Meeting students’ needs

This semester, some professors have added a section to their syllabi called “Basic Needs Security.” This is a thoughtful addition, considering Temple’s socioeconomic makeup.

The section tells students who are facing food or housing insecurity that they should immediately contact the Dean of Students Office and tell their professors about their situation.

Many students at Temple receive Pell Grants — federal allotments of money given to students who live in households with incomes under $40,000. About 28 percent of the student body received an average of $4,520 from the federal program in 2015-16.

If students are receiving Pell Grants, it is very likely they also struggle to meet their basic needs, like having somewhere to sleep or accessing nutritious food. And these students should know their professors and the Dean of Students Office are there to help them succeed despite their financial hardships.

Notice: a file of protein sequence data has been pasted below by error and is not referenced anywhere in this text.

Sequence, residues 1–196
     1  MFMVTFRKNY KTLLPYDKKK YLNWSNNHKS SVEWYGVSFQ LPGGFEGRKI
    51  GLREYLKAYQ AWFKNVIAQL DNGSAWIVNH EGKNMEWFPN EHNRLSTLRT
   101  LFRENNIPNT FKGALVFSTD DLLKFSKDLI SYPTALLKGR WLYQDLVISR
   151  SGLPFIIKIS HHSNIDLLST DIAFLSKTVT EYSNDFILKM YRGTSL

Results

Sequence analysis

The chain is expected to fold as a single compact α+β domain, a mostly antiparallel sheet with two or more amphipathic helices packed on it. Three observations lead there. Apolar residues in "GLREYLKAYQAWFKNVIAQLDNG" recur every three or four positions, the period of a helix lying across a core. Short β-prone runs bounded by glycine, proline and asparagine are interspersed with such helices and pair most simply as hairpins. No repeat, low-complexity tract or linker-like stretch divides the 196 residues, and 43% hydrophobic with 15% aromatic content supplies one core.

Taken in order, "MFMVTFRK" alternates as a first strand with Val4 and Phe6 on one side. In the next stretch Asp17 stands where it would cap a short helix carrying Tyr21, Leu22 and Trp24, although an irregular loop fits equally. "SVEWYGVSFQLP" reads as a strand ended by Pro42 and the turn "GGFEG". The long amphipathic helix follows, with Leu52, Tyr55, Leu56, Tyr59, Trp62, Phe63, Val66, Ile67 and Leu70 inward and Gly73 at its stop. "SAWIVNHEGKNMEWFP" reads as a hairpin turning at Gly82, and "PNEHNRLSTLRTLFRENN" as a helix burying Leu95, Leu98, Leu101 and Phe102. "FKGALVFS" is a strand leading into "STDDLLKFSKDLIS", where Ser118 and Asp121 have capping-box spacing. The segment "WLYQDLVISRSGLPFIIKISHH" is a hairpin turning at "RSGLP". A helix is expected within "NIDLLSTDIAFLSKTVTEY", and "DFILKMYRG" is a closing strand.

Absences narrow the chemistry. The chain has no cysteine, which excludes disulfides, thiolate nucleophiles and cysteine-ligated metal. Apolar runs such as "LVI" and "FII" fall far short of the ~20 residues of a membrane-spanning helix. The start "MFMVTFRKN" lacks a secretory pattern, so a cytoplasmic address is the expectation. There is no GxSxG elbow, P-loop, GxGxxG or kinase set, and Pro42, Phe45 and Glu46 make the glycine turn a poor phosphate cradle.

College is expensive enough on its own: Pennsylvania had the third-highest in-state tuition behind Vermont and New Hampshire in 2016-17. When you add in the cost of books and living, students who are independent or whose families earn below the poverty line can easily be struggling to make ends meet.

If adding a small section to the syllabi can make students feel a little less alone in their struggles, then there’s no reason professors shouldn’t adopt this practice.

A couple hundred professors across the country have already committed to adding a “Basic Needs Security” section, and all of Temple’s professors should do the same.

Editorial Board
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